EC2 is one of the oldest AWS services and it still stands out as the major driver of gross profit and operating profit, said Bhavan Suri, co-head of technology equity research at William Blair, which has the equivalent of a buy rating on Amazon stock. The EC2 service might have a gross margin percentage in the mid-50s, Suri said. Amazon does not disclose margins for individual AWS services, although the AWS operating margin was around 31% in the first quarter. Gross margin doesn’t reflect the cost of research and development and marketing.
A smaller cloud infrastructure provider, DigitalOcean, reported having a 58% gross margin in the second quarter, and much of the company’s revenue comes from virtual machines that are similar in concept to EC2 instances. A DigitalOcean spokesperson said about 90% of its revenue derives from computing, storage and network services.
Customers can lower their bills by reserving EC2 instances for future use. The AWS website says Reserved Instances can be as much as 75% cheaper than on-demand instances. Another option is using EC2 spot instances, which are spare computing resources Amazon has available and can reclaim quickly when the need arises. AWS advertises Spot instances as being up to 90% less expensive than on-demand instances.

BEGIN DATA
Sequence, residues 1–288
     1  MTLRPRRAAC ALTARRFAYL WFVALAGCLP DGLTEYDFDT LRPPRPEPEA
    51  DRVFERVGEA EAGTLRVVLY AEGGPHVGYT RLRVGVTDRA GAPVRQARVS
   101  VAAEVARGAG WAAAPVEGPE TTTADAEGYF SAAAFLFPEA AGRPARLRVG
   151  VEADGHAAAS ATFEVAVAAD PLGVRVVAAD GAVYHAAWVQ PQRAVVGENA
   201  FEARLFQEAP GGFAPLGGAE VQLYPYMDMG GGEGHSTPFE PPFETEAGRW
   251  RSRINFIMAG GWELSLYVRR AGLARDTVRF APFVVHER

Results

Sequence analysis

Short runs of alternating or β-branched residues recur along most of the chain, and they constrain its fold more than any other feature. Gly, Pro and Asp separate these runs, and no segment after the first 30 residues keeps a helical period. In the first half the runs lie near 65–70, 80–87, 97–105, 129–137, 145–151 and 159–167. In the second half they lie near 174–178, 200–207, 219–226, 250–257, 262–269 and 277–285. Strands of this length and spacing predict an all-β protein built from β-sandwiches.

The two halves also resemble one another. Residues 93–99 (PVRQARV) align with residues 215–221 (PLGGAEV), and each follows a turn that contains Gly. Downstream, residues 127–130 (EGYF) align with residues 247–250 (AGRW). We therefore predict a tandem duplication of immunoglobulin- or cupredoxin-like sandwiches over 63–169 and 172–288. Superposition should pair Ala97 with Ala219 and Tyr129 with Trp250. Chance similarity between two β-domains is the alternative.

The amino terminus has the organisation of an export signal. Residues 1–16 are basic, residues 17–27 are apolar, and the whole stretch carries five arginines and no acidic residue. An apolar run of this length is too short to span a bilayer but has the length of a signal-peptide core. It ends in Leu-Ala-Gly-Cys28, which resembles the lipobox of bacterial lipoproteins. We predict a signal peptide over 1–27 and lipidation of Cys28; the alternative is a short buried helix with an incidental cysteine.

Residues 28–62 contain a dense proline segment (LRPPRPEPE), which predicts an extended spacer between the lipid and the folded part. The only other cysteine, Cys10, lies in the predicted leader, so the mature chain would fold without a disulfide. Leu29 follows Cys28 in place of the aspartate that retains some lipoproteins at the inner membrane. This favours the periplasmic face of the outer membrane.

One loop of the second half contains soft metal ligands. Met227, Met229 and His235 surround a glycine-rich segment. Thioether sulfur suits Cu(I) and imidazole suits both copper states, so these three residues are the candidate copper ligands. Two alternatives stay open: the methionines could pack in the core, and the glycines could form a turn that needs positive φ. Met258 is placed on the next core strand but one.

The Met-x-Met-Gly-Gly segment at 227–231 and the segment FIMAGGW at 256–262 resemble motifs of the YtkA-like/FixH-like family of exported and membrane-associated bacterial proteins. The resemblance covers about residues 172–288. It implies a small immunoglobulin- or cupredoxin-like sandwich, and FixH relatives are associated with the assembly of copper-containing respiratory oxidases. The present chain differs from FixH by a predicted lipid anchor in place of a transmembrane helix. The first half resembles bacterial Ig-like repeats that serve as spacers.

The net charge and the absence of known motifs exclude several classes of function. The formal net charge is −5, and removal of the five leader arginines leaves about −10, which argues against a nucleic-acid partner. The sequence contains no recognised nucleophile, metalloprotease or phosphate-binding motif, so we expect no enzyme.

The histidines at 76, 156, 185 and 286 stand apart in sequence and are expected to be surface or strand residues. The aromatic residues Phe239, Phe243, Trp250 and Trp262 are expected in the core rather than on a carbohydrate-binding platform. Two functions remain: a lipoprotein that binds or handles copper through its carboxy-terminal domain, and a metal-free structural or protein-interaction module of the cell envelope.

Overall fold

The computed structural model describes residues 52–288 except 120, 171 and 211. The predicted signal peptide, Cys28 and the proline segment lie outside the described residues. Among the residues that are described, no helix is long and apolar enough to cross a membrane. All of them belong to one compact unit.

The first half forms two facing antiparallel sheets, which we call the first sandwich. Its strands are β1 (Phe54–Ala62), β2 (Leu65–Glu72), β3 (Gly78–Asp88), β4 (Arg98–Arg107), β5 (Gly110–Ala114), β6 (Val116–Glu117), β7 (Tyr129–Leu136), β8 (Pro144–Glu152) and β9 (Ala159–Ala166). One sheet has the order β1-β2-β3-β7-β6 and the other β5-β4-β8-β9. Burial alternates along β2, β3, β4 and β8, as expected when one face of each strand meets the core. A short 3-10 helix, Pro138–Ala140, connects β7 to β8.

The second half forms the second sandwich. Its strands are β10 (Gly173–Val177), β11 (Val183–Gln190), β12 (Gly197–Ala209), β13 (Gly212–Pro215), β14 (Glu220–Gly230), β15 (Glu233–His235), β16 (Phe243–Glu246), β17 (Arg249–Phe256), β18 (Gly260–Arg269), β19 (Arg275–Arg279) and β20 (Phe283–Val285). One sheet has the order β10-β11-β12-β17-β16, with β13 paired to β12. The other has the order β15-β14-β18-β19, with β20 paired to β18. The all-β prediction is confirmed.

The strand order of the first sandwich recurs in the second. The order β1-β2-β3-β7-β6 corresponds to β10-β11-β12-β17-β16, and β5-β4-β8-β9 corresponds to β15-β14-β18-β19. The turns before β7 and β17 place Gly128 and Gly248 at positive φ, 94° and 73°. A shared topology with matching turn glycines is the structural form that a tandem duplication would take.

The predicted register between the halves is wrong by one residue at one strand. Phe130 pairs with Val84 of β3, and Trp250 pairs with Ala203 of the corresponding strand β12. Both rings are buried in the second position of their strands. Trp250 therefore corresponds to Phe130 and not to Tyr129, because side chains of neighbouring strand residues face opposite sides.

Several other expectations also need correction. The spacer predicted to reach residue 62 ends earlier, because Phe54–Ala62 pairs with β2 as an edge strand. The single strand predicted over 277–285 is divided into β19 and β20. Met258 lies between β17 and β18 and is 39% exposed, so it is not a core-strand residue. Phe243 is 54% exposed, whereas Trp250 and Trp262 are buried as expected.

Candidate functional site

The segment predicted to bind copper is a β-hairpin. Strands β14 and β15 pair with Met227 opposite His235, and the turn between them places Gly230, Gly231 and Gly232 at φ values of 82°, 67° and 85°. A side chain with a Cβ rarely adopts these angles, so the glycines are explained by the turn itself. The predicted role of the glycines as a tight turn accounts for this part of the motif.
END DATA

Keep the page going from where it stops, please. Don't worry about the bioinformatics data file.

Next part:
Organizations can leave their applications running as they are on AWS, or they can lower the cost of operating them by switching out the underlying components. When AWS introduced EC2 in 2006, there was just one instance type, known as m1.small.
That variety remains available — “we’re not a company that deprecates stuff,” said David Brown, the vice president in charge of EC2 — but there are now over 300 types of instances. It’s not easy to stay on top of the announcements about new instances, said Brooke McKim, co-founder and technology chief of start-up Vantage, which offers a tool for cloud cost monitoring.
AWS customers can use EC2 instances that draw on chips from AMD, Intel and Nvidia, as well as artificial-intelligence processors and power-sipping Arm-based chips that Amazon designed in house. AWS itself is using those Arm chips “all over the place across AWS where it makes sense” to deliver its services to customers, Brown said. That lowers Amazon’s own costs. Amazon’s’ closest competitor in the cloud, Microsoft, has not talked about doing anything similar.
One of the more well received product introductions in recent years is the Lambda service, which runs computing jobs in response to certain events, such as automatically creating a new thumbnail image when a person uploads a new photo to a social network. Developers call this type of tool “serverless” because cloud providers don’t require them to manage any server infrastructure personally. When customers use Lambda, AWS can wind up charging almost double the price of EC2 instances, analysts at William Blair wrote in an August research note.
Another early AWS service was the Simple Storage Service, or S3, which debuted in 2006. Customers use S3 to store objects, including photos, videos and other types of files.